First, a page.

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 Monday, 13 January, 2003, 09:30 GMT
Headaches ahead for Opec
Opec's president, Abdullah bin Hamad Al Attiyah
Opec's president is facing some tough decisions

Delegates from Opec's 11 member countries came to Vienna with a problem.

Oil prices had got too high, even for Opec itself.

Venezuela's newly appointed oil minister, Rafael Ramirez
Venezuela is one future headache for Opec
The producers' cartel has a target range of $22-$28 a barrel for its own benchmark crude.

At times over the last few weeks, the price was well over $30 a barrel.

The rise was attributed to the strike in Venezuela, which has knocked something like 2 million barrels a day out of the global supplies.

So Opec's fix for this problem is an increase in quotas of 1.5 million barrels, representing about 7% of existing output.

Venezuelan dilemma

It was a curious agreement.

All Opec's member states get an increased quota - except Iraq which is under United Nations sanctions and does not take part in the quota system.

Even strike-bound Venezuela got some extra quota even though it can not make use of it because of the strike.

Saddam Hussein
And Saddam Hussein is another

The country's new quota is 2.8 million barrels per day, but the latest figures suggest Venezuela is currently producing something like a quarter of that.

So why the extra quota? To make it clear that those who can produce more - mainly Saudi Arabia - are not grabbing Venezuela's share of the market.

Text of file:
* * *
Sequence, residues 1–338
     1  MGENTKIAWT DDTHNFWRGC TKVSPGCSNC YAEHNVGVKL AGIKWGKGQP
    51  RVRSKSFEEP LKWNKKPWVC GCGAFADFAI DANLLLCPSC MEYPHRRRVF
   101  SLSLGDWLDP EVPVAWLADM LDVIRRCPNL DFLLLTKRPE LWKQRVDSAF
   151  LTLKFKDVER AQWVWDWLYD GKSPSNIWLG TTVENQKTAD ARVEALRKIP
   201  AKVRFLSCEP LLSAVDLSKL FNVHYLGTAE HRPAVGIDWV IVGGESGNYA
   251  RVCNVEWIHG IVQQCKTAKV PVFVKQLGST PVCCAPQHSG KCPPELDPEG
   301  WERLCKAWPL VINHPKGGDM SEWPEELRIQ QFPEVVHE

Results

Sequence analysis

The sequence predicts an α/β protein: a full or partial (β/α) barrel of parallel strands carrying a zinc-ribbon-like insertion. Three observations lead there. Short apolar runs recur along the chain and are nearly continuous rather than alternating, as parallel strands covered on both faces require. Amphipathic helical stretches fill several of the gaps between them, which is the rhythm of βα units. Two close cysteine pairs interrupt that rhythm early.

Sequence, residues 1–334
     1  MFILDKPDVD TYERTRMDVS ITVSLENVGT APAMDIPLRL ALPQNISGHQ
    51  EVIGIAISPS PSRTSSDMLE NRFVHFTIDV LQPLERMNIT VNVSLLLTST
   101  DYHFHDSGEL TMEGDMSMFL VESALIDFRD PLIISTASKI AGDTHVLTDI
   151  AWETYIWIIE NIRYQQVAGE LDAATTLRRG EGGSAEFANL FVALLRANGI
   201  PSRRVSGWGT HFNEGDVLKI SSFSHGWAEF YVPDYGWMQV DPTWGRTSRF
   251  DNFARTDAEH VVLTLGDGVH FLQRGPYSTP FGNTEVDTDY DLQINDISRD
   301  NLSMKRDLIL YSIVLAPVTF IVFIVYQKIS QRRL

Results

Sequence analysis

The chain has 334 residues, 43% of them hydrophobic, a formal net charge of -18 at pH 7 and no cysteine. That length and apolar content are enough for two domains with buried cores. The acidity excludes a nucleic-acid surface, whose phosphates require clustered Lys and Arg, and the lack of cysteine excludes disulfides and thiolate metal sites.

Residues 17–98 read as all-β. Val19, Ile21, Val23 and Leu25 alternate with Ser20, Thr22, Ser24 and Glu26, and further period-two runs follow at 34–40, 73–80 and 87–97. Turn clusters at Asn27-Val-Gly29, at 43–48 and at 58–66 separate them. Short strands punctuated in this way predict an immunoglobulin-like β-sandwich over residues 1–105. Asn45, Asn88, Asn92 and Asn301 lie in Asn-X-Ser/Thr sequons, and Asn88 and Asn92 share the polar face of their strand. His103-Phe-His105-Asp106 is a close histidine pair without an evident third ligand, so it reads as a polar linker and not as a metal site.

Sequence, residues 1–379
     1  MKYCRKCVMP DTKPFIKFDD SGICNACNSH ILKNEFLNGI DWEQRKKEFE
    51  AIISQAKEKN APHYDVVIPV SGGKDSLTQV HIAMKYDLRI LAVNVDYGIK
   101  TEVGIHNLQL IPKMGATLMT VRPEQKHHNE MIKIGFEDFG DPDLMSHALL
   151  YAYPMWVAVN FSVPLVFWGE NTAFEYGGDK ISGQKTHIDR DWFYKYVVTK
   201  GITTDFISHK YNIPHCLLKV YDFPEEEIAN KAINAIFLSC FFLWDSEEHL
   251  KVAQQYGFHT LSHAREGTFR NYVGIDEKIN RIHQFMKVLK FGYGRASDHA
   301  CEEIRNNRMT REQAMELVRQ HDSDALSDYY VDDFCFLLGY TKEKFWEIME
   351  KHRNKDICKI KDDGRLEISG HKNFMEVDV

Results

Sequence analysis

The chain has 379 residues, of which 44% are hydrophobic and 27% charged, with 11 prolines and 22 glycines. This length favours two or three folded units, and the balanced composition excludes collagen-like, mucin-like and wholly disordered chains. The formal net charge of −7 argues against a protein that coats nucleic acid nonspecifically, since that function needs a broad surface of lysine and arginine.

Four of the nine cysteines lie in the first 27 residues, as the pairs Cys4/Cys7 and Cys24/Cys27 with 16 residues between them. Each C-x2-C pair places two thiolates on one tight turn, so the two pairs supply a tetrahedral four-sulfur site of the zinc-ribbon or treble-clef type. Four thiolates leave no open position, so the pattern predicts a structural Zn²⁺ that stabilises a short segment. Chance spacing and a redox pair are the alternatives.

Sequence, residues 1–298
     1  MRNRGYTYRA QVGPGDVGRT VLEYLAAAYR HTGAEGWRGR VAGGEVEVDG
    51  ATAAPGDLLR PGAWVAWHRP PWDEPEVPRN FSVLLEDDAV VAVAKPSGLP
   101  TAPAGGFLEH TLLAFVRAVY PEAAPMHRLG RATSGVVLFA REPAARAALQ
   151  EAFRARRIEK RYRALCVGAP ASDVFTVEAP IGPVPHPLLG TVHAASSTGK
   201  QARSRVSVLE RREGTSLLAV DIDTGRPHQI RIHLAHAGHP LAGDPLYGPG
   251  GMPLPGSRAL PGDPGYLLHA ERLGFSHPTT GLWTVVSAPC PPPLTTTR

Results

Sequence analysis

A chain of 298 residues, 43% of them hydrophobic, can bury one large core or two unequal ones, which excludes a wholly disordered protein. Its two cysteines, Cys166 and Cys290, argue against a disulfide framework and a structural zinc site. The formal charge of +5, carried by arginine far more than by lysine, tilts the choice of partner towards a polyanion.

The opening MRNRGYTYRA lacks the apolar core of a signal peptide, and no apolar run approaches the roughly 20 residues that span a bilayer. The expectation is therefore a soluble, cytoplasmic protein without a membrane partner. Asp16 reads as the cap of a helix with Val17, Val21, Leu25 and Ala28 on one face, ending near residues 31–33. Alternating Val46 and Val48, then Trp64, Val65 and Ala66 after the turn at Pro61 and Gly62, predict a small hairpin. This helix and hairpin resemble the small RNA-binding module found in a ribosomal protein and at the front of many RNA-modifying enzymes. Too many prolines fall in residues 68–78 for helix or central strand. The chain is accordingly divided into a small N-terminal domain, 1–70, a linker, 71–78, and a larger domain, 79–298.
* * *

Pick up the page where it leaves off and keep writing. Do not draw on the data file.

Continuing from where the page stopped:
Back to the drawing board?

Opec's president, Qatari Oil Minister Abdullah bin Hamad Al Attiyah, said after the meeting:

"This is a very clear message that we are not taking [away] Venezuela's market share, we are protecting it."

And what if Venezuelan production comes back? Mr Al Attiyah acknowledged that Opec would have to think again.

If that happens, we will meet again, he said.

Trouble ahead

If Venezuelan officials are to be believed, it could happen sooner than many people are bargaining for.

Oil Minister Rafael Ramirez said in a BBC interview that Venezuelan production would return to about 2 million barrels a day by February.

That would give the rest of Opec a headache.

And perhaps there's another one coming Opec's way.

If there is a war in Iraq, it would add a new disruption to supplies.

Tough decisions

Iraq is producing more than 2 million barrels of oil a day.

Would Opec act in those circumstances and make good the shortfall?

There were no promises, but Mr Al Attiyah certainly was not ruling it out.

And Opec officials have often said they do not want shortages in the market, and will act if there are any.

What they are much less willing to do is respond to shortages caused by speculation that there might be disruptions in future.

And if there is a war there is every chance of a sharp speculative rise in the price of crude oil.

Opec is due to meet again in March.

But with many unpredictable elements in the outlook for oil, it is perfectly possible they will decide they can not wait that long.

Analysis of the oil market, OPEC, and the alternatives

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